I realize the “appreciate your birthday” thing might come off a little preachy or high hatted, but it’s not meant to. Yes, I’m in a different position than I was 4 years ago as far as appreciating every year, but this is not a new sentiment for me. Birthdays are an opportunity to slow down for a day and take stock of where you are and where you’d like to be. A day to appreciate your health, your family, your friends, your life. Another year has passed. Are you happy? Could you do something different? Is there a dream you wish you were following? Can you make a goal for next year? Are you healthy? Can you find the gratitude in that? Are you sick? What can you do to help your body take care of itself or better use the time you have left? Look, it’s impossible to be grateful for your life every day. There’s just too much to think about, too many things going on, but on your birthday you get a moment to look around and acknowledge where you are and hopefully find something to be grateful for.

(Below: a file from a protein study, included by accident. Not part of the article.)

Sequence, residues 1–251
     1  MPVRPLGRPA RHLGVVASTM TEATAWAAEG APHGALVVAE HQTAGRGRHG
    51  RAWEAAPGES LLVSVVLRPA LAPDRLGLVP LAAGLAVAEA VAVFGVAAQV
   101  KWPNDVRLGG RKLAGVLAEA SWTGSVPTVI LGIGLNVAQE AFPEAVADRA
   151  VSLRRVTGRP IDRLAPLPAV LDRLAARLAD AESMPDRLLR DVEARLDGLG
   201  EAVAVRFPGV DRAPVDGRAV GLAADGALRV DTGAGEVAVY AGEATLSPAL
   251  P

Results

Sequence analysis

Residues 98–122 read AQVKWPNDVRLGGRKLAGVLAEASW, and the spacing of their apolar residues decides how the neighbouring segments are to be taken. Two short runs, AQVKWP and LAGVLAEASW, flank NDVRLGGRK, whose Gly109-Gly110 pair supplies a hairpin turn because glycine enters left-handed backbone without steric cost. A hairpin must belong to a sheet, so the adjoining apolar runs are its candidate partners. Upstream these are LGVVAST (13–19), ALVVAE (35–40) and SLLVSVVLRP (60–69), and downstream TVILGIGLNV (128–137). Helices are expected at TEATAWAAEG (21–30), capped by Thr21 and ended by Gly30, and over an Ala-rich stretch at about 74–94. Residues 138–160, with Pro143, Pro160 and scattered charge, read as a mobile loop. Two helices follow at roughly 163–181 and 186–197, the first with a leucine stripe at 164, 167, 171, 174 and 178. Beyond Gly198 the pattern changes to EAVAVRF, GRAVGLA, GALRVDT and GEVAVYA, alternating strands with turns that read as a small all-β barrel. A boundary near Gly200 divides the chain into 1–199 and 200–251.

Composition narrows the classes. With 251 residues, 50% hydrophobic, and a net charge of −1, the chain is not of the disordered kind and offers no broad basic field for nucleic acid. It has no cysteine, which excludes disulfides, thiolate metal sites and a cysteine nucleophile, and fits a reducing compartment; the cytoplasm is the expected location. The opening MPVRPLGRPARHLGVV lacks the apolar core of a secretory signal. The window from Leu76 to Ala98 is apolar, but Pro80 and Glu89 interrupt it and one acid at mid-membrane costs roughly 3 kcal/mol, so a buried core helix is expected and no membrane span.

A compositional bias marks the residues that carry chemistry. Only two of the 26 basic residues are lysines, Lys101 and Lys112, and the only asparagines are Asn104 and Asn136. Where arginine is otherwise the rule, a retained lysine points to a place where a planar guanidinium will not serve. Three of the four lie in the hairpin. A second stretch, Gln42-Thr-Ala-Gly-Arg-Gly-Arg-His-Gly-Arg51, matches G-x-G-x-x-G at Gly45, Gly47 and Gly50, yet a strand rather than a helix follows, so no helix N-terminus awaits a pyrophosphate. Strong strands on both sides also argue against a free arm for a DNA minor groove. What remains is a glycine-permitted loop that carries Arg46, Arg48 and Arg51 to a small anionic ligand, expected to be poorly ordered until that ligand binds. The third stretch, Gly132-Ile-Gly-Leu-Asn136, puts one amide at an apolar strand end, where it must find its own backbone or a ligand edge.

I’m happy to age. I’ll be thrilled when I reach 40, ecstatic if I reach 50 and grateful beyond belief for every other year after that. Let me tell you, if I make it, I’ll be the happiest 80 year old you’ve ever seen. All that being said however, and no matter how pleased I am to get old, aging isn’t for the weak. Getting old is one thing. Looking and feeling old is totally another. I might be infinitely grateful for my life but I am not particularly pleased with my wrinkles, or spider veins, or sagging upper eye skin (what with that?!). I’m not excited to get a waddle and I like being able to see my jaw line. I seriously considered botox this year as a lifetime of talking with my face has built a grand canyon sized trough above my eyebrows that you could drive a truck through by the end of the day. I hate not being able to eat whatever I want without seeing it on my lower half the next day. I loathe the cracking of my knees and the fact that I groan every time I stand up. I watch my parents with their shortening memories and different physical ailments and I see (if I’m lucky) my future. Getting old is tough. The body you relied on, the mind you took for granted, the memory you had, like any other living thing starts to decay.